If you’ve dealt with health care before, you’ve probably seen some form of this symbol. Maybe it looks like this…
The former being the Staff of Asclepius the Greek God, the latter being the Caduceus (the staff of Hermies). Without getting bogged town in too much history, the Staff of Asclepius was tied with healing but somewhere along the way got confused with Caduceus and now are both used as prominent symbols of health care. But in all likelihood, the symbol for a snake wrapped around as stick as a sign of healing may have originated in this week’s Torah portion, Chukas.
Chukas is a PACKED parsha, from the timeline jumping ahead 38 years, to the bizarre mitzvah of the red heifer, both Miriam and Aharon dying, Moses getting barred from Israel, and I think there’s a war towards the end. But within all that craziness is the incident concerning some snakes.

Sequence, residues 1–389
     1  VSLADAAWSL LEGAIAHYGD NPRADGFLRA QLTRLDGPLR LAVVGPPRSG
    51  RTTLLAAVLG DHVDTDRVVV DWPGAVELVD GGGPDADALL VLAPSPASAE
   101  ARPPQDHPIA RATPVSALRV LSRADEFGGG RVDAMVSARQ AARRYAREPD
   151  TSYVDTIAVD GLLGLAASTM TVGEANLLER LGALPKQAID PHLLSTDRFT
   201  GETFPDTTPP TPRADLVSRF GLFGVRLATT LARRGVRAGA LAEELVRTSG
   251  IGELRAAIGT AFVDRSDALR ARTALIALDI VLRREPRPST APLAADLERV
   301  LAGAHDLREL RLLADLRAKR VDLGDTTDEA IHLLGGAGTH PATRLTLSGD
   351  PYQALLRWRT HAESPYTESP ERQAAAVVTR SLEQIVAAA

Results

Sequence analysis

In a Nutshell
Once again Israel has found themselves tired of wandering and eating the maan (or mana) the dew like substance that fell from the sky and sustained them in their years in the desert. Immediately after, a plague of poisonous snakes swarms on the camp, biting many. Afflicted with the poison, the Jews apologize to Moses and he prays to God for remedy.
Now instead of God simply removing the plague, this time God instructs Moses to, “Make for yourself the image of a fiery [poisonous] snake and place it on a high pole, and it will be, that whoever was bitten shall look at it and live.” (Bamidbar 21:8)
Little odd of a remedy. Copper snake around a pole? Shouldn’t the people be looking to God, not some makeshift, copper totem? What’s the wisdom here? Here are a couple of ideas.